Prior to Kenya’s independence, an expansive coffee farm sat between the present day Kiambu Road and Limuru Road.
The coffee farm was under the ownership of some Britons and was named the Cheleta Farm.
After independence, Cheleta Farm was renamed Runda Farm and its management taken over by three coffee cooperatives.
It was the late Dr. Njoroge Muingai, then Minister for Foreign Affairs, and Joseph Odwero Jowi, then Kenya’s ambassador to the United Nations, who lobbied for the global body to establish its offices in Nairobi.
Maurice Strong, a Canadian, was at that time the UN Under Secretary General and had no problem with having the United Nations Environment Programme (UNEP) establishing its headquarters in Sub Saharan Africa.
The UNEP offices, which were located at the Kenyatta International Convention Centre, were moved to their present location in Gigiri in 1975. Three years later in 1978, the United Nations Centre for Human Settlements was also relocated to Gigiri.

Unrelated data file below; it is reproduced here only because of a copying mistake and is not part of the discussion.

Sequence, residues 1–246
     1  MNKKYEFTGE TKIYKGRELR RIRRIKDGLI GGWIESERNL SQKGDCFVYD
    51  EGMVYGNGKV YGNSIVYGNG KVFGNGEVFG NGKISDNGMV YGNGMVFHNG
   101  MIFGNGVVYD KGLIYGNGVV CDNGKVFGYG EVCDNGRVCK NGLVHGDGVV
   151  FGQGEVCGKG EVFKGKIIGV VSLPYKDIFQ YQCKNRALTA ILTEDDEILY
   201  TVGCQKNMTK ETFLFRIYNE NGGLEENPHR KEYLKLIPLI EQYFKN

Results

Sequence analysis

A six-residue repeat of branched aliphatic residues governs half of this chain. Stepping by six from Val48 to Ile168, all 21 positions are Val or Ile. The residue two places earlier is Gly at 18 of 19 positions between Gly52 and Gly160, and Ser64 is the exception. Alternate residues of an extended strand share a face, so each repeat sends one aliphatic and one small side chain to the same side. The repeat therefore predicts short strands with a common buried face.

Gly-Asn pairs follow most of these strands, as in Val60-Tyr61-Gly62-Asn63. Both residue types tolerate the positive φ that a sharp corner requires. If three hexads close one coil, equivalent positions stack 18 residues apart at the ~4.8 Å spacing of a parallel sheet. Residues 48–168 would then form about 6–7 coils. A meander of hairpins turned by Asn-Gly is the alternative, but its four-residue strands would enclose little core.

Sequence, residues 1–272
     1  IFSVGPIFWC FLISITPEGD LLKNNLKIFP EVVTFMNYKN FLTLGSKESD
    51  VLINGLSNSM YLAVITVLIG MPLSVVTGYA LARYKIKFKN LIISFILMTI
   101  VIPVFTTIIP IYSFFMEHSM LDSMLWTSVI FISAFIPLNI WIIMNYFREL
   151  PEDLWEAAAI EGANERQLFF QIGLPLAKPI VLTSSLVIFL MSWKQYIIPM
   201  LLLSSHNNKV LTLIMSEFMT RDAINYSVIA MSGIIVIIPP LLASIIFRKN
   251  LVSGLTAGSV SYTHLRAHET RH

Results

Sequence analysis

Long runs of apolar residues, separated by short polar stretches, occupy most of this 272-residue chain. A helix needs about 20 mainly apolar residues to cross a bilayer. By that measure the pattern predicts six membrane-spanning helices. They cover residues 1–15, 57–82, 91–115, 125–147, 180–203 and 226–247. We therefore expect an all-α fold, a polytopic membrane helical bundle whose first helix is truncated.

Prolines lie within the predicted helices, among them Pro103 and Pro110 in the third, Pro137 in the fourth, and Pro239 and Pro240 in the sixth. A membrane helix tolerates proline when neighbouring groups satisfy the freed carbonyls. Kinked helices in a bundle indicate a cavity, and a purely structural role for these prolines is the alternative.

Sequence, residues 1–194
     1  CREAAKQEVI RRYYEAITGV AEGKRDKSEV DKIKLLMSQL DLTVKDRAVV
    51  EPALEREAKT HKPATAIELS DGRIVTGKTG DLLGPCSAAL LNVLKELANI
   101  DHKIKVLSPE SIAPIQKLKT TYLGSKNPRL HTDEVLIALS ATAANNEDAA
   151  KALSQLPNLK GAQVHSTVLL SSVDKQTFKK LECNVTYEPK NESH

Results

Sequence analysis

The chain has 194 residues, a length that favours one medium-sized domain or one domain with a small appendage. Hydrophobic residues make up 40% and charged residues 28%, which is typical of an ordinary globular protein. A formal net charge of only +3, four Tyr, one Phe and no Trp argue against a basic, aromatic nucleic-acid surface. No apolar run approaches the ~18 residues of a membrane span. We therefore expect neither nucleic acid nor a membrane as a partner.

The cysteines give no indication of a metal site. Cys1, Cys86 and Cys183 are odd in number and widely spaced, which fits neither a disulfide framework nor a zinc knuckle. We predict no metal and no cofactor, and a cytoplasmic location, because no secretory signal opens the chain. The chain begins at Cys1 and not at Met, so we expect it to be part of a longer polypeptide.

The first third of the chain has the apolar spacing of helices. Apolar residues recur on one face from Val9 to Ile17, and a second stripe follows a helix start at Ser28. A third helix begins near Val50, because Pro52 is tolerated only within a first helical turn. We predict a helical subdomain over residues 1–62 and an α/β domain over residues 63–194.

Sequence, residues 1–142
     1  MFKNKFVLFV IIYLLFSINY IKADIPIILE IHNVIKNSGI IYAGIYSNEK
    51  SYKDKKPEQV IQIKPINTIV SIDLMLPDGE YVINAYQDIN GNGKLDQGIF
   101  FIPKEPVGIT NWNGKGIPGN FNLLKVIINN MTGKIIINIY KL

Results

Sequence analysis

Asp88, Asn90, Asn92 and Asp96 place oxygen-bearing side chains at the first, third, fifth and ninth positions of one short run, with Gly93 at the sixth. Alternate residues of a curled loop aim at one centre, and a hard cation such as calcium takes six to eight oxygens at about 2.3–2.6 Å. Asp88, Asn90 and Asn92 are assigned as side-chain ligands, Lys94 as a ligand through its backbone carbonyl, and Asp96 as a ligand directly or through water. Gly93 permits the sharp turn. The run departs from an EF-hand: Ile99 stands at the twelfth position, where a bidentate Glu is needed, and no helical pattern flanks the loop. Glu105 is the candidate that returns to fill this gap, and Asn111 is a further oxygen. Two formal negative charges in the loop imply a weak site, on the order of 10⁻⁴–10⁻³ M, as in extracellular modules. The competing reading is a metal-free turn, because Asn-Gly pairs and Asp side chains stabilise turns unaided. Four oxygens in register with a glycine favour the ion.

The location of the Runda farm proved an ideal residential space for the UN employees, owing to its proximity to the offices, the Karura forest and the cool climatic conditions around the area.
This led to a sharp surge in land demands with the coffee cooperatives cashing on this rise, with profits from the sales skyrocketing with time.
The coffee farm was converted to the modern day Old Runda Estate and would over the years attract investors and the country’s richest persons.
Eliud Mathu, Andrew Zagoritis, and Elia Zagoritis were behind the transformation of the Runda Coffee to the modern day posh estate.
The property would later be managed by MAE Properties, a company formed by the three, with the named being drawn from the first letters of their names.
The management later changed ownership to Pan African Life Insurance.
According to Knight Frank, a global property consultancy firm, Runda was listed as one of the world’s ten top real estates.
This is as a result of different international organisations employees and expatriates, including those attached to the United Nations, and the United States Embassy among others, seek residential spaces in the estate.
Prominent figures including politicians, businessmen and global influencers have purchased property in Runda with land cost estimated to be in upwards of Ksh100 million for an eighth of an acre.